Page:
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Work stopped at Rampisham solar park site
Work has stopped on dismantling the iconic radio transmission station at Rampisham Down, following concerns that planning permission has not yet been granted for a giant solar farm.
All but three of the 34 steel towers - some more than 100 metres high - are due for demolition if permission is given for a solar panel park set to create around 70 full-time jobs.
But observers and conservationists have made approaches to the planning authority claiming that work has already started on the site and that an important area of natural and unspoiled grassland has been damaged in the process.
West Dorset District Council's Head of Projects and Specialist Services, Andrew Martin said: “A number of the masts have been taken down without planning permission and in the process there has been some damage to a Site of Nature Conservation Interest. “The unauthorised works have now stopped whilst the pending application to construct a solar farm is being considered. And the applicant is preparing a restoration plan to put right the damage to the ecological interest on the site.” Giles Frampton, business development director of British Solar Renewables said the company had been working closely with the planners and stressed that there was no requirement to obtain planning consent to dismantle the radio masts.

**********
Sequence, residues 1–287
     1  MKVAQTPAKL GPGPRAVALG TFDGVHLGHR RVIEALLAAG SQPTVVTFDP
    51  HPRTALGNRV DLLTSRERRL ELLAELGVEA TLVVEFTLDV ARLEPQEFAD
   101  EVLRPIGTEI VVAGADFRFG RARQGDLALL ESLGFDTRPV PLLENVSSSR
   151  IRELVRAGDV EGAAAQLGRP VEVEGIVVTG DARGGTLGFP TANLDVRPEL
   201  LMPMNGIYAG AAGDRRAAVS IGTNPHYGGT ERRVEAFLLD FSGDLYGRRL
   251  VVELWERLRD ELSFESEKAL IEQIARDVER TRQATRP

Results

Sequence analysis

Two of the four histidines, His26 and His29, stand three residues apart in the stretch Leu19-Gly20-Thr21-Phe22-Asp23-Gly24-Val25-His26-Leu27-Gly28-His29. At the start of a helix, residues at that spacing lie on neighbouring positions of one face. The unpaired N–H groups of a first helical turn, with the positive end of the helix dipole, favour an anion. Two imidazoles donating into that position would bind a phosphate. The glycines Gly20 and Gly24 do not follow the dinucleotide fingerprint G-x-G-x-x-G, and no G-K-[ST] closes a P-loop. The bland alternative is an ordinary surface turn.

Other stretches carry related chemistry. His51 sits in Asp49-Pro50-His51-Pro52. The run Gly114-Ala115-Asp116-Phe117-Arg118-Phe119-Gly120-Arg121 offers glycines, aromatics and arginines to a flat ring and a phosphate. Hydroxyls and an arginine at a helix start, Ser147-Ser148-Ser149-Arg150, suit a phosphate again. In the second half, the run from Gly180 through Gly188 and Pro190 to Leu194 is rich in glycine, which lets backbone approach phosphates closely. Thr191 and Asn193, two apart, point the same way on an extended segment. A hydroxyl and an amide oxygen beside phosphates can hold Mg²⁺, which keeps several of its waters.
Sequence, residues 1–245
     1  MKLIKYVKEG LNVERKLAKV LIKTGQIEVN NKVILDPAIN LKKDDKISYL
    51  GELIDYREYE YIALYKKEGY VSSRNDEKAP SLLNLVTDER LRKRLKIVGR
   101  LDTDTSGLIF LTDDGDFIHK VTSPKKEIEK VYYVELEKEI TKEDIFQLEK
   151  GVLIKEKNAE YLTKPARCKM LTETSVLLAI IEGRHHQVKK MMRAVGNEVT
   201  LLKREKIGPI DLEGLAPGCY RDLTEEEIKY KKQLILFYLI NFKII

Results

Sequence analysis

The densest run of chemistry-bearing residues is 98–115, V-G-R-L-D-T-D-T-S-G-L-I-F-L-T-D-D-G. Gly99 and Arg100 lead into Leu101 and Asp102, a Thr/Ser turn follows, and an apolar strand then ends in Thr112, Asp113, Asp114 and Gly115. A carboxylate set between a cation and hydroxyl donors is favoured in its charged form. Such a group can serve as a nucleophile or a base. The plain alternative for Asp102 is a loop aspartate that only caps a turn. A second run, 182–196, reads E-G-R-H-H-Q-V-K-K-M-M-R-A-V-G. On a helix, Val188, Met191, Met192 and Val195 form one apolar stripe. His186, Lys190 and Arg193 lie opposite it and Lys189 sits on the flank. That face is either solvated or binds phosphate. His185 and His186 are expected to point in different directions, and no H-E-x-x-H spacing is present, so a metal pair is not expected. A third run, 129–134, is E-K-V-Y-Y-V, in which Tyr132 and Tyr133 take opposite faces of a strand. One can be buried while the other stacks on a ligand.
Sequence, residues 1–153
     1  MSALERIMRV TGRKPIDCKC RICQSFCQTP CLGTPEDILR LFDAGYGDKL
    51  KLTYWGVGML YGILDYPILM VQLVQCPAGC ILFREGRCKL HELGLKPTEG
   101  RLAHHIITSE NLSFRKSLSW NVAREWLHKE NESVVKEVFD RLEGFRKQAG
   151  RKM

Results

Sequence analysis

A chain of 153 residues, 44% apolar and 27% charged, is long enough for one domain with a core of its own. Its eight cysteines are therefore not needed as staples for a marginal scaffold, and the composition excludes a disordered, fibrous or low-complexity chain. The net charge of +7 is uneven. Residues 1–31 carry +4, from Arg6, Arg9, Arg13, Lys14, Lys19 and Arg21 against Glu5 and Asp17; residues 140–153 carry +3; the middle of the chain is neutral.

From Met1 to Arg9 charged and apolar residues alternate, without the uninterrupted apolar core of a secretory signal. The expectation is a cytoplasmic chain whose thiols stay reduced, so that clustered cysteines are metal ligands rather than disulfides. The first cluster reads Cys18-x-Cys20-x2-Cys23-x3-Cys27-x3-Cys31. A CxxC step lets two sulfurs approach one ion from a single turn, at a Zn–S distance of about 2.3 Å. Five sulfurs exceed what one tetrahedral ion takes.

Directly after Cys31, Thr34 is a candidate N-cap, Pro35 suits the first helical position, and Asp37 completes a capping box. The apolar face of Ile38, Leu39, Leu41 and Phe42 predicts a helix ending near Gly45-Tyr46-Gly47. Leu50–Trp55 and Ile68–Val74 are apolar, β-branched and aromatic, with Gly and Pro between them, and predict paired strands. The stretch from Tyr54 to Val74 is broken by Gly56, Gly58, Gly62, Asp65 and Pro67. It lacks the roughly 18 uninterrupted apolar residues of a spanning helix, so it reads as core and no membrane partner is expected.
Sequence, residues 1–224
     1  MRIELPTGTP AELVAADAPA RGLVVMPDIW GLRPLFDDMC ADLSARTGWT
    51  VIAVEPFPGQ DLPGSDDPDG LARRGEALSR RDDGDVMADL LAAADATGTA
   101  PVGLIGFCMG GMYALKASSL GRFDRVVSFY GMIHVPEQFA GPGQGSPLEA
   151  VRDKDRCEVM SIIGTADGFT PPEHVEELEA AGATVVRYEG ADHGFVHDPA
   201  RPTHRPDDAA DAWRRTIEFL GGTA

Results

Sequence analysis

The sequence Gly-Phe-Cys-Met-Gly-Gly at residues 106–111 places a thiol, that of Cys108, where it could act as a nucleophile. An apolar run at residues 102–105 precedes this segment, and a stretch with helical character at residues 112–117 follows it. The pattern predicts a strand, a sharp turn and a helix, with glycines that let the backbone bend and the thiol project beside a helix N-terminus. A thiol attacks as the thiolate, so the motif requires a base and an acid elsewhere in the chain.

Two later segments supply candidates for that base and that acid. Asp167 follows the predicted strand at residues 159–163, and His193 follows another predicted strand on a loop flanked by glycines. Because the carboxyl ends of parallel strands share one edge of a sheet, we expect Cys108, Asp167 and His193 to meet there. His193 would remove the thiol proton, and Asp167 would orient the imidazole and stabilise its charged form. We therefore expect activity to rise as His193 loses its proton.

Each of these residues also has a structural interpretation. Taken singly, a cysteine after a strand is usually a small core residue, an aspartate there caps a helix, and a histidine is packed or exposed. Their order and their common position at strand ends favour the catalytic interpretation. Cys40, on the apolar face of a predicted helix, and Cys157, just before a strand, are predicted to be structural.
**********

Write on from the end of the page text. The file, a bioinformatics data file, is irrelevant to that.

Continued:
“The Site of Nature Conservation Interest is not a statutory designation, but we have been working with the district council and appropriate wildlife agencies to ensure that we remove the masts in the most appropriate way,” he said.
“When concerns were raised about our works on site, in the spirit of co-operation that we like to promote, we stopped work immediately.
“That of course has had a knock-on effect for those people who we have been employing locally. “We hope to gain the planning consent and we will then be able to re-employ them, but we are not taking anything for granted.”
Natural England and the Dorset Wildlife Trust have both objected to the planning application for the site which includes areas of lowland acid grassland which they consider to be of “national ecological value”.
Trevor Bevins, director of the Campaign to Protect Rural England (CPRE) Dorset said: “In essence this is in an Area of Outstanding Natural Beauty and, in the CPRE's opinion, should not be built on and certainly not worked on while in the process of waiting for planning permission to be granted.
“Some areas have been dug up and posts have been put in and they have knocked down towers.
“If they had waited until the application had been decided then everybody could have had their say and if permission is granted, then all well and good, but this has been pre-empting a decision.”
The plans include a two-metre security fence and six four to six-metre high CCTV cameras guarding the 163,000 panels spread over 75 acres - covering about a third of the total 189-acre site. The panels will generate around 40 mega watts of electricity which is sufficient to power small town of 40,000 homes.